The yeast is the same in both recipes, so I will exclude it from the comparison. The all-grain method does use fewer hops, but I have never purchased hops in a smaller increment than 1 ounce. In either recipe we will be buying 2 oz of East Kent Goldings and 1 oz of Fuggles, so I will eliminate the hop comparison as well. Fewer hops will make a difference if your recipes grow larger than 5 gallon batches.
That leaves the grain bill. Since the specialty grains are also the same in both recipes, I am going to compare the prices of malt extract to grain.
The malt extract is $13.50 USD for 6 lbs. The price for grain crushed is $16.18 USD. For this example, the price for all-grain is $2.58 USD higher. Maybe I picked a poor example?
All-grain kits are $0.51 cheaper
The extract English Pale Ale kit from Northern Brewer costs $27.50. The price for the all-grain English Pale Ale kit is $26.99. At these price differences, you would need to make many all-grain kits to recoup the cost of your extra equipment.
So why do so many people believe all-grain is cheaper? If you purchase your grain in bulk, the prices drop dramatically. A 50 lb bag of 2-row will cost about $56.99. You most likely can get this even cheaper from your local homebrew store. The cost of your grain for this recipe is now $10.54 USD – a savings of $2.96 USD. Recipes which use more grain will be even cheaper. If you only make Samuel Smith Nut Brown Ale, you will need to make a minimum of 30 batches to recoup your costs. If you brew triples, the number of brews will most likely decrease (not by much though).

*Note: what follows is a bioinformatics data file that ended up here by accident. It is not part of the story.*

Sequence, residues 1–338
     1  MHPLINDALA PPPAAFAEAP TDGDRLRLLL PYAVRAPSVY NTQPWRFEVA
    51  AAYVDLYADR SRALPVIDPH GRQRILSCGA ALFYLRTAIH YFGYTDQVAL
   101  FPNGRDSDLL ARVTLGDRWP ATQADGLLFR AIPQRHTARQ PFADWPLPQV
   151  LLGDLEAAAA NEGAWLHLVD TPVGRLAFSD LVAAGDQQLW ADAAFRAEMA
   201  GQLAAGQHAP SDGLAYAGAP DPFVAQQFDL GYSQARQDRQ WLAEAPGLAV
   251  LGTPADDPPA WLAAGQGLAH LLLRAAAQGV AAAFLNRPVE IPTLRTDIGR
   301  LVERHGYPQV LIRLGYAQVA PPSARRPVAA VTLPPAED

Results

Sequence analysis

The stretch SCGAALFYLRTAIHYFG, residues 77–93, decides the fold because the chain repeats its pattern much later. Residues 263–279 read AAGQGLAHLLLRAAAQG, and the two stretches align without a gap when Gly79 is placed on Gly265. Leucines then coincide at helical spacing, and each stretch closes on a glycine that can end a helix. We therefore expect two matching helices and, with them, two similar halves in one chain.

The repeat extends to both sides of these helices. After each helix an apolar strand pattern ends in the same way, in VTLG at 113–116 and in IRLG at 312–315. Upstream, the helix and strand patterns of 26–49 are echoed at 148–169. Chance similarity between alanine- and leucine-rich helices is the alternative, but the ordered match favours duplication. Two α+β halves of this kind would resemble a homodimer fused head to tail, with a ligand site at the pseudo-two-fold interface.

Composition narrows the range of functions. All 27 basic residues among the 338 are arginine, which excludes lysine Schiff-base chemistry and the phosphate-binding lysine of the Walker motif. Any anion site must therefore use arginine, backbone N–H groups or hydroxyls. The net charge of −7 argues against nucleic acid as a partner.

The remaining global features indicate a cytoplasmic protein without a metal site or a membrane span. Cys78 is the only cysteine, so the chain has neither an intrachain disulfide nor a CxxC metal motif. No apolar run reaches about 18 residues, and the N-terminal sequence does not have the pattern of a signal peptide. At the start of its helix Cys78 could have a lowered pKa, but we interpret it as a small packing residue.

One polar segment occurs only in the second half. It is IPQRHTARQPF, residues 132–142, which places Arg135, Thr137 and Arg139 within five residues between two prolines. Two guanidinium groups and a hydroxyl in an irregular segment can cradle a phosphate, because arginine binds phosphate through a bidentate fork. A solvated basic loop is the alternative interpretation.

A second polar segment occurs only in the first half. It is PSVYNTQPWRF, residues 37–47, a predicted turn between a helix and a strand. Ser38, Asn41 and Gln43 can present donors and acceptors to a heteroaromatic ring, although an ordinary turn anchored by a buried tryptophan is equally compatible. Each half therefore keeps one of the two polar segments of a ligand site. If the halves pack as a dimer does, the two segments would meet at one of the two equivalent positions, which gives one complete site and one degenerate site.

Why switch to all-grain at all then?
The point of all this is to help you make an informed decision. The real reason you want to switch to all-grain is for the control over your brews and ultimately to make better beer. According to a Univ. of Saskatchewan study (listed in Designing Great Beers by Ray Daniels), here are a few reasons why brewing from grain can be better:
- You can produce lighter colored beers from grain
- 93% of the extracts tested fermented slower than all-grain equivalents
- Some extracts will not ferment to the desired final gravity due to higher amounts of dextrins in the extract
- Some extracts tested contained high amounts of non-malt syrups (even some labeled 100% malt extract)
With all-grain brewing, you know exactly what is in your beer. If you want to make better beer, all-grain is the way to go. If you are happy with your extract beer and you’re not really looking for that extra edge, save yourself the money and stick with extract. I’ve made great beers for years with extract.
I ultimately switched to all-grain for the control. I want to make the best beer possible, and I want to know exactly what is in my beer. All-grain allows me to fine tune recipes, experiment a bit, and give to me experience to become a better brewer. A better way to look at all of this is, after equipment purchase, it is only a little bit more to go all-grain. You ultimately have to make the choice for yourself. Hopefully this will make your decision more informed.[EDIT]
There was some feedback in the comments expressing concern about the prices and necessary equipment. Here is Bill Velek’s well thought out criticism
and my response
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I live in Denver, Colorado. This blog is everything about beer, wine, cider, mead and other spirits.
I am a avid homebrewer and winemaker. I’ve been making my own beer and wine for many years. I started making beer when I was in college (mostly because the drinking age in the United States is 21). My first few beers were horrible. The beers are much better now, and I often supply my neighborhood with free beer! It is a great hobby!